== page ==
Increasingly, the protests appear to have sharpened along religious lines, with some Islamist clerics demanding a blasphemy law and with others in the Shahbagh movement publishing statements supporting atheist principles, largely through blogs and other electronic media. In response, Prime Minister Sheikh Hasina reaffirmed that Bangladesh is a secular state.

Bloggers arrested

However, the criminal justice authorities also cracked down on government critics in the media, including social media. Following the arrests of the bloggers, the government made clear that the restrictions and arrests will continue. The Home Minister announced that he had a list of seven other “atheist bloggers” who would be arrested soon. The Law Minister announced that the government intended to increase its control over social media, blogs, and online news websites.

On April 2 and 3, police arrested four bloggers, Subrata Adhikari Shuvo, Mashiur Rahman Biplob, Rasel Parvez, and Asif Mohiuddin, who had posted articles either critical of the government’s attempts to appease the Islamist demands or that said that the government had failed to address the concerns of minority religions. Police described the four as “known atheists and naturalists” who wrote derogatory things about the Prophet, and said the four would face charges of “instigating negative elements against Islam to create anarchy.”

“These bloggers can only be called political prisoners, since they are in jail for peacefully expressing their views,” Adams said. “Freedom of religion also includes the freedom not to believe in a religion and to make those views known. For a government that has always presented itself as liberal and secular this is a huge retreat from the values it claims to uphold.”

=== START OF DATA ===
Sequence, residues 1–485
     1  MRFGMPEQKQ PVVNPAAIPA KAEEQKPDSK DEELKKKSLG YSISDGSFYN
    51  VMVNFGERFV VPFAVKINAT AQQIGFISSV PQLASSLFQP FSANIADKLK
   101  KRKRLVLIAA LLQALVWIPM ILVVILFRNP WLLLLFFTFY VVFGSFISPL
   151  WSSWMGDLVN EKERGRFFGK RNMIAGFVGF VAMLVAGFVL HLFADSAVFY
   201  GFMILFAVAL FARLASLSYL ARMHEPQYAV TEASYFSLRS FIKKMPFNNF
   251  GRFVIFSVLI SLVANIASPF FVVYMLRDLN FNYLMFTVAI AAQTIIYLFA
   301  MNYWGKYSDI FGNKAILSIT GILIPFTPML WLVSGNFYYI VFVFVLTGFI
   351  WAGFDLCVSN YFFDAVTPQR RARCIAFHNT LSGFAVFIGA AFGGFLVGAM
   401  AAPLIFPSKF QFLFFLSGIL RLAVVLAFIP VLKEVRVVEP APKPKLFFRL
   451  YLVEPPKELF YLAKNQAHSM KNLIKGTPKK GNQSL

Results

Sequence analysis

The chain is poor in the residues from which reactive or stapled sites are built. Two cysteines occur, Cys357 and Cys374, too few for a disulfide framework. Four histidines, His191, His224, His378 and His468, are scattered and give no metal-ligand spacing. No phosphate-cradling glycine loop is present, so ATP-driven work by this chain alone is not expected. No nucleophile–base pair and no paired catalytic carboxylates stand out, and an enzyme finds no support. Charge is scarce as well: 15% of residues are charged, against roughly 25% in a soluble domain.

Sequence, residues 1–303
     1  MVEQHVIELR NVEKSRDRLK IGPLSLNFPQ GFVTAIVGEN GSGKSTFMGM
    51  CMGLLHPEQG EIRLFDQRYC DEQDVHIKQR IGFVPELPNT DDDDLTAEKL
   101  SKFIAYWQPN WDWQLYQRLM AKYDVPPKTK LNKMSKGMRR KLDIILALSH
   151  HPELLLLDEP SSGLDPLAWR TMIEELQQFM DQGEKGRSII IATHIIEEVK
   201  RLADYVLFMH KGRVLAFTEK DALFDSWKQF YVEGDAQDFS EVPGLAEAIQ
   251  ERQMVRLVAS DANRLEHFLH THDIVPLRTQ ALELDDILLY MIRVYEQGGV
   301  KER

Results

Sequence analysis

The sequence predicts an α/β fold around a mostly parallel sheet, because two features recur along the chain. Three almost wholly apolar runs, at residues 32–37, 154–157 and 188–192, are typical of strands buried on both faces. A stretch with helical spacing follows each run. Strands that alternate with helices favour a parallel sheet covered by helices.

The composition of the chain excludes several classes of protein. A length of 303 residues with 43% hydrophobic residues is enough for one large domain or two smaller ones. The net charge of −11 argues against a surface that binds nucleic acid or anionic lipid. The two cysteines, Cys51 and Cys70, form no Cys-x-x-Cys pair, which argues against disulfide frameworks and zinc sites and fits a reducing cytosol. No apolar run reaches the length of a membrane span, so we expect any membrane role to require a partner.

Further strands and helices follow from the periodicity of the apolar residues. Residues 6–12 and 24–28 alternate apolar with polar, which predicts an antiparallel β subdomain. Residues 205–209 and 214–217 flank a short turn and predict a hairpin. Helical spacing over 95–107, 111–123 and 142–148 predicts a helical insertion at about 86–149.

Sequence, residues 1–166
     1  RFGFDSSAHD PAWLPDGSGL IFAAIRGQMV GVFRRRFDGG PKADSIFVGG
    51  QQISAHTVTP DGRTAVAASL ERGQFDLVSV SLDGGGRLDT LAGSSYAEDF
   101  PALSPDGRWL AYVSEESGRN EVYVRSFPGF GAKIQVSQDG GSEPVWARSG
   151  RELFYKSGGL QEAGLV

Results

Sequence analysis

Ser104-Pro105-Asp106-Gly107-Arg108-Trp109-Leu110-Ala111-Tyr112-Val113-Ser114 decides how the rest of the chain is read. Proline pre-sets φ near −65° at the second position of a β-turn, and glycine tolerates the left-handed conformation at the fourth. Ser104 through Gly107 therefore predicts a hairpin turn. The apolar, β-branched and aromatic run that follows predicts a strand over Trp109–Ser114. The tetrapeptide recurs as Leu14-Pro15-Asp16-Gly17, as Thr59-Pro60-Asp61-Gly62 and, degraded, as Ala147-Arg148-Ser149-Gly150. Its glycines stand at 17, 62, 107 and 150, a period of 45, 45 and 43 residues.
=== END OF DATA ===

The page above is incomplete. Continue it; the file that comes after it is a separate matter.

News raids

In a further attack on free speech, on April 11 the police arrested Mahmdur Rahman, the editor of an opposition news outlet, Amar Desh. Rahman was subsequently charged with sedition and unlawful publication of a hacked conversation between the ICT judges and an external consultant. The conversations exposed political interference with the trials. The conversations were originally published by The Economist and later republished in Bangladesh by Amar Desh and other news organizations and websites. The Shahbagh protesters had earlier demanded Rahman’s arrest for critical reports about their movement.

The state minister for home affairs, speaking at a press conference, said that Rahman has “hurt Muslim religious sentiments.” Rahman had previously been arrested in 2010 on defamation charges but was later released and the charges were dropped. Rahman alleged torture and ill-treatment while in custody.
On April 14, the offices of another opposition newspaper, Daily Sangram, were raided by the police. The editor, Mohamed Abul Asad, has subsequently been charged for printing and publishing copies ofAmar Desh after authorities had shut down Amar Desh after Rahman’s arrest.